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Ex-Pres. Kim Dae-jung Dies at Age 85

Posted August. 19, 2009 08:45,   


Former President Kim Dae-jung, who played a leading role on the country’s modern political stage, died yesterday. He was 85.

He was hospitalized at Yonsei Severance Hospital in Seoul with pneumonia July 13. Kim was connected to an artificial respirator due to acute respiratory distress syndrome resulting from pneumonia and pulmonary thromboembolism, which caused his blood vessels to clot.

He was pronounced dead at 1:43 p.m., yesterday.

Hospital director Park Chang-il said, “First, he was admitted to the hospital due to pneumonia, but his heart stopped working due to multiple organ failure, and this impaired the functions of his kidneys, liver and lungs. We did not perform CPR since there was no possibility of extending his life.”

The Public Administration and Security Ministry will conduct funeral procedures after consultations with Kim’s bereaved family under the State and National Funeral Service Act.

Incumbent President Lee Myung-bak expressed his condolences, saying, “We lost a great political leader. His aspirations and accomplishments for the nation’s democratization and inter-Korean reconciliation will long be remembered by the people. I hope his lifelong determination will contribute to inter-Korean reconciliation and social integration.”

Both the ruling and opposition parties released statements expressing condolences over Kim’s demise.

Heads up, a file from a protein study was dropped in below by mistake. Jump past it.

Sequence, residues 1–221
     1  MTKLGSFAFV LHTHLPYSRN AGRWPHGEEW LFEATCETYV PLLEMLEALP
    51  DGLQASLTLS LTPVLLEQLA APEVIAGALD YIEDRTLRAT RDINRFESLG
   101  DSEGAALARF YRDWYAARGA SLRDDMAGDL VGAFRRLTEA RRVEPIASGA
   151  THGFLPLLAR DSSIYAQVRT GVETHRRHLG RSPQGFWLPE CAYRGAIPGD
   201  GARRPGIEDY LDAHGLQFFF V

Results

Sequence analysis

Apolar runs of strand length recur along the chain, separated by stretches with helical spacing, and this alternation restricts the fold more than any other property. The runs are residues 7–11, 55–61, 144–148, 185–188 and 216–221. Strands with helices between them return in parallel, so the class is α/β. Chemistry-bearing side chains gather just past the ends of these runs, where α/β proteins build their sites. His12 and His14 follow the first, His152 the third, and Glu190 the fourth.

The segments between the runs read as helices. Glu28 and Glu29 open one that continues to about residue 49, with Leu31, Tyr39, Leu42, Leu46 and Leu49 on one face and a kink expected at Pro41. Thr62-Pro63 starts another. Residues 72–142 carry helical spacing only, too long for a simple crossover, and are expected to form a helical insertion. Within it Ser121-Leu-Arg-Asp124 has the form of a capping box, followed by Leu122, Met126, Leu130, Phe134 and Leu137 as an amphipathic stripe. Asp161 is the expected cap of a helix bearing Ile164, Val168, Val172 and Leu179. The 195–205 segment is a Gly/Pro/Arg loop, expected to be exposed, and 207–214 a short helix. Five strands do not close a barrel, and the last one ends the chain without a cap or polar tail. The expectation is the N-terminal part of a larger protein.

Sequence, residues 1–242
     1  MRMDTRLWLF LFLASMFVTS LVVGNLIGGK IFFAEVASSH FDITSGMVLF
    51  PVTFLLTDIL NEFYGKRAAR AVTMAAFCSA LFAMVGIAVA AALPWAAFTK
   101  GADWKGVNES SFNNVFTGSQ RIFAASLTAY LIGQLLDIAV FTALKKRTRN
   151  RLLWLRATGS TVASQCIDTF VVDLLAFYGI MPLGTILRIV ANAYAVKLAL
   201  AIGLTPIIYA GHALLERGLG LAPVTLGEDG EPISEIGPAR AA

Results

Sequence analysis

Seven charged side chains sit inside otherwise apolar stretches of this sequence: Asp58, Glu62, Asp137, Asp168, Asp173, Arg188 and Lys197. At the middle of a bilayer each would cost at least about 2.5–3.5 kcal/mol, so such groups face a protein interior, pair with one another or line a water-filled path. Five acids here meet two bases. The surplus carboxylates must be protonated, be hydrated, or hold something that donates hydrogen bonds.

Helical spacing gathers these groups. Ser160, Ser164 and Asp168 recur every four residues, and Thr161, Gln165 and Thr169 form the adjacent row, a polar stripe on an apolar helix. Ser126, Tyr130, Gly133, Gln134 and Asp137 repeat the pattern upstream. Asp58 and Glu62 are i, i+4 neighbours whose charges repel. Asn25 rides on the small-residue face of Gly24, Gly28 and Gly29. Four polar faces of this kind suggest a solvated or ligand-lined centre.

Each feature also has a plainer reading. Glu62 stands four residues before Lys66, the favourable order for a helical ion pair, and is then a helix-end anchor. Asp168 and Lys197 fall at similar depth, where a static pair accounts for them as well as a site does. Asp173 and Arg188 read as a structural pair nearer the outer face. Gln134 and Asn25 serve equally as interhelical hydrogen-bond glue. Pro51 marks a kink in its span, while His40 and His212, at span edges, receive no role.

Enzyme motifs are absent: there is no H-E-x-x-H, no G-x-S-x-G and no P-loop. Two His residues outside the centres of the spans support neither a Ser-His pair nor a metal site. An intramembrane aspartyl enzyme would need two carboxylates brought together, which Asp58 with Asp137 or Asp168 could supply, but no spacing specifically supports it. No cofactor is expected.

The former president’s life was a microcosm of Korea’s checkered political history. In the 1970s and 80s, he and fellow activist Kim Young-sam formed the Donggyo-dong and Sangdo-dong factions and became the country’s two leading politicians.

Kim Dae-jung also narrowly escaped death several times while fighting military dictatorships. On Aug. 13, 1973, he was kidnapped by government agents in a Tokyo hotel but survived.

After the 1980 coup d’état, Kim Dae-jung was sentenced to death on charges of conspiring to conduct a rebellion but released from prison due to U.S. pressure. He later went to live in America as an exile.

His ability to overcome mounting difficulties earned him comparisons to the honeysuckle, which represents unyielding determination.

Along with Kim Young-sam and Kim Jong-pil, Kim Dae-jung formed the “Three Kims” that dominated Korean politics for decades.

While running for president for the fourth time in 1997, Kim Dae-jung cooperated with former adversary Kim Jong-pil, who had ordered Kim Dae-jung’s death in the 1970s, to create a coalition that resulted in the country’s first horizontal change of power.

As president, Kim Dae-jung helped to overcome the currency crisis that hit Korea just before the 1997 presidential election.

Relations between Kim Dae-jung and Kim Jong-pil broke down due to the former’s “sunshine policy” of engaging North Korea. Kim Dae-jung went on to visit Pyongyang in June 2000 to hold the first inter-Korean summit with North Korean leader Kim Jong Il.

In 2000, Kim Dae-jung became the first Korean to win the Nobel Prize for his efforts toward inter-Korean reconciliation. After the Roh Moo-hyun government took over, however, reports surfaced that Kim Dae-jung gave a huge amount of money to Pyongyang in exchange for holding the summit.

yongari@donga.com likeday@donga.com